Wirehouses

Are Wirehouses Paving Their Own Pathway To Independence?

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Wirehouses

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Wirehouse advisors seeking independence may not have to break away. They can operate as “captive independents” within their existing firms. But will this model be independent enough?

Earlier this month, AdvisorHub reported that UBS was about to launch a “business to serve independent advisors.” Although the article was scant on details, and no other publication has written about it since, I’ve had many conversations with advisors that have yet to be resolved.

Even if the article was a gilded version of the rumor that’s been circling for some time, the premise is significant nonetheless.

While wirehouses have long refused to acknowledge the momentum towards independence – often dismissing any “breakaway” losses as one-offs and anomalies – the trend is undeniable. Over the past decade, even the biggest naysayers have found it hard to rebuff the validity of the exodus as they watched so many multi-billion dollar teams leave the brokerage world to launch their own independent firms.

The story about UBS signifies the beginnings of a thought-transition amongst the big firms. That is, it is an acknowledgment that the independent space is indeed valid and worthy of not only their attention, but also their participation. And it makes sense; here’s why:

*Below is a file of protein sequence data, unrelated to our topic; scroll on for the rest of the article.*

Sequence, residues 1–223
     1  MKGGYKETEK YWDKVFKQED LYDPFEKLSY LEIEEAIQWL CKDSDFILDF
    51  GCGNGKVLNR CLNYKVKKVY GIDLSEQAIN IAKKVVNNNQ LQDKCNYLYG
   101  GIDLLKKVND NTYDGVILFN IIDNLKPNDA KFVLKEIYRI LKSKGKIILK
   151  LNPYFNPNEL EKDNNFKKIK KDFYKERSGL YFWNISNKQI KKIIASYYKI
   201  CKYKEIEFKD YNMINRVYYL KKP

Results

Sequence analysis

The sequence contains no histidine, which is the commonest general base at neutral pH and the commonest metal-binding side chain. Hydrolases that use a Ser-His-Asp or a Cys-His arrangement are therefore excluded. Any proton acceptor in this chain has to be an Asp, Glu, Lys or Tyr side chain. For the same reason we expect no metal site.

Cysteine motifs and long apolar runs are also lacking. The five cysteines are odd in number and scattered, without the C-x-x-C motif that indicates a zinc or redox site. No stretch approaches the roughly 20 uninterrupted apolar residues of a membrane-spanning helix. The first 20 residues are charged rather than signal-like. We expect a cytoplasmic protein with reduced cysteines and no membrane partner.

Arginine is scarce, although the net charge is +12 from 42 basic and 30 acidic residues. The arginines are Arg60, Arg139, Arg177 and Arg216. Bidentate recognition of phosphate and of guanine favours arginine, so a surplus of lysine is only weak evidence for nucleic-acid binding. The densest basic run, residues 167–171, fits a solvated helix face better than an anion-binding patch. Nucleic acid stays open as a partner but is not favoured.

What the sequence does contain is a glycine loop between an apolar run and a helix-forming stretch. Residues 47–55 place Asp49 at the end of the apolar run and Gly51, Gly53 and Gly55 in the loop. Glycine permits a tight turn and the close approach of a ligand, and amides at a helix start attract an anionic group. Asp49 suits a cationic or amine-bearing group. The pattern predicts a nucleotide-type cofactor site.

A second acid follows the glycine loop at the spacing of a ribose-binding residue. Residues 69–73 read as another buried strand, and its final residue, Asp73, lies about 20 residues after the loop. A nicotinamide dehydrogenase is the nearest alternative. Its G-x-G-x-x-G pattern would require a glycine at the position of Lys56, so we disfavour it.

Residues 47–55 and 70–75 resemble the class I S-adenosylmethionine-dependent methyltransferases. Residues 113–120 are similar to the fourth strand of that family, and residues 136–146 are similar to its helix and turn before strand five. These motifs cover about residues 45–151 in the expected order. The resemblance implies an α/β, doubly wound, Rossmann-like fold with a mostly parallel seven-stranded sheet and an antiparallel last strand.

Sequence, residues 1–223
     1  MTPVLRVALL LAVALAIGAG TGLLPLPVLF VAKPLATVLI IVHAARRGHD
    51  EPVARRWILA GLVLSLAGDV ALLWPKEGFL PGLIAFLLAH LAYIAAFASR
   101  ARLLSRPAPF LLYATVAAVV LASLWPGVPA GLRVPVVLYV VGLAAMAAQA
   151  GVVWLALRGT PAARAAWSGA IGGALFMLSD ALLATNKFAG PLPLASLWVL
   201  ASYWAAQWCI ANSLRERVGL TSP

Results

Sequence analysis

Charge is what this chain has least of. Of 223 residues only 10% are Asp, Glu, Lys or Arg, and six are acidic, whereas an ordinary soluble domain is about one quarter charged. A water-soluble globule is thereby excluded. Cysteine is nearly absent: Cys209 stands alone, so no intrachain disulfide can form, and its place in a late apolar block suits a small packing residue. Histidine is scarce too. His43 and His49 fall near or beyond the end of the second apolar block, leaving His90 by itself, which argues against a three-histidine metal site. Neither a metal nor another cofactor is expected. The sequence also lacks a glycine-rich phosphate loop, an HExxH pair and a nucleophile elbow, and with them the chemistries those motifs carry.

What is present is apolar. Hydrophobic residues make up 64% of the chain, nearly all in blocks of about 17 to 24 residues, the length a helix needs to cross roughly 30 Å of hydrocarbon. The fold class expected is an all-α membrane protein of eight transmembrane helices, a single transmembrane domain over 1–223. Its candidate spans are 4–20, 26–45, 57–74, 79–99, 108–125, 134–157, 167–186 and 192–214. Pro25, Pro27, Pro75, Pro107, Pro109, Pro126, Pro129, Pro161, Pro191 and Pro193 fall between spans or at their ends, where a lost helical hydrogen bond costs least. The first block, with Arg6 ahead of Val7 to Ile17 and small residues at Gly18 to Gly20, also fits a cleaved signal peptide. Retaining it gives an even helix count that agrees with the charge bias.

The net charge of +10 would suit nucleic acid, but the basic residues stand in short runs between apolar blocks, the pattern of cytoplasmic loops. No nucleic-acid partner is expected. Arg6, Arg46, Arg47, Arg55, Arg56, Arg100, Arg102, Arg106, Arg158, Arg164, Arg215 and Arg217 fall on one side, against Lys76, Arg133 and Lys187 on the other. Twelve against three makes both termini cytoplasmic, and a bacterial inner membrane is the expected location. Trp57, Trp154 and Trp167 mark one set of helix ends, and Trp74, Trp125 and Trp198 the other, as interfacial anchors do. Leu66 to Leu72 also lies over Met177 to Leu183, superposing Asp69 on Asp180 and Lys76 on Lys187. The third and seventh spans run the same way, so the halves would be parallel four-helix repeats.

1. It’s a great way to stave off advisor attrition – and keep top talent in-house.
    2. It’s better for clients – allowing advisors to offer more customized service models.
    3. It acknowledges changing advisor sentiment – and provides a pathway to better align with these changes.
    4. It’s a reality that’s not going away.

With so many advisors serving high-net worth and ultra-high net worth clients, brokerages are looking for ways to retain these corner-office folks – offering them the allure of independence right in their own backyard.

What would an independent model launched by a wirehouse look like?

An independent arm within a wirehouse is one I would call “captive independence.” And it’s not something entirely new: Raymond James and Wells Fargo have been offering an independent broker-dealer option for years.

The option to go independent, while remaining with the same firm, has many benefits. For instance, it’s the path of least friction for advisors looking for more freedom and flexibility combined with the guardrails of a big-name firm they already know. Portability of clients shouldn’t be an issue as the advisor is staying within the firm – that is, going “independent in place” – making it an easier move to explain to clients.

But the end result is likely not as independent as an advisor might think.

In such a model, an advisor would be required to use the firm’s platform and technology, and to operate under the corporate ADV. Unlike the RIA space, there would be limitations on the ability to self-brand or participate in social media. Also, unlike their RIA counterparts who can shop the street for products and services, advisors in this more captive model of independence would not have access to the whole of the market. Thus, advisors looking to act as true fiduciaries will still find themselves conflicted.

And from a financial perspective, the differences can be significant: The more limitations placed on a business, the less value it will actually have should the advisor seek to sell his or her practice.

Read the full article here by Mindy Diamond, Advisor Perspectives

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